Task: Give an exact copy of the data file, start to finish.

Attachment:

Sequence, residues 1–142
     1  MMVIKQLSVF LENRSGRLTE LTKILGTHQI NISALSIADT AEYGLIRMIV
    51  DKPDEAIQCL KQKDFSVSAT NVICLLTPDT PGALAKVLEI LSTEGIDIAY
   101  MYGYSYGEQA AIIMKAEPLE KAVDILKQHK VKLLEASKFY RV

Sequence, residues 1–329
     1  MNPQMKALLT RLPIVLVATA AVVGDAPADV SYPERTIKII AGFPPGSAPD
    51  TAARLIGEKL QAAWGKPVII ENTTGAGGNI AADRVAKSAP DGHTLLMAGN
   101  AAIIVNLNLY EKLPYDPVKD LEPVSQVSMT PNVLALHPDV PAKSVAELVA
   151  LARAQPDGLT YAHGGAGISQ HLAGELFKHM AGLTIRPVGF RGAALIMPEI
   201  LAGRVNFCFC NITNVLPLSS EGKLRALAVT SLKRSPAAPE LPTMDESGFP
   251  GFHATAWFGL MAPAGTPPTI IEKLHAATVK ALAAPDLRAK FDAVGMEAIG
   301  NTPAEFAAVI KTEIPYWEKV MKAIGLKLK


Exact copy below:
Sequence, residues 1–142
     1  MMVIKQLSVF LENRSGRLTE LTKILGTHQI NISALSIADT AEYGLIRMIV
    51  DKPDEAIQCL KQKDFSVSAT NVICLLTPDT PGALAKVLEI LSTEGIDIAY
   101  MYGYSYGEQA AIIMKAEPLE KAVDILKQHK VKLLEASKFY RV

Sequence, residues 1–329
     1  MNPQMKALLT RLPIVLVATA AVVGDAPADV SYPERTIKII AGFPPGSAPD
    51  TAARLIGEKL QAAWGKPVII ENTTGAGGNI AADRVAKSAP DGHTLLMAGN
   101  AAIIVNLNLY EKLPYDPVKD LEPVSQVSMT PNVLALHPDV PAKSVAELVA
   151  LARAQPDGLT YAHGGAGISQ HLAGELFKHM AGLTIRPVGF RGAALIMPEI
   201  LAGRVNFCFC NITNVLPLSS EGKLRALAVT SLKRSPAAPE LPTMDESGFP
   251  GFHATAWFGL MAPAGTPPTI IEKLHAATVK ALAAPDLRAK FDAVGMEAIG
   301  NTPAEFAAVI KTEIPYWEKV MKAIGLKLK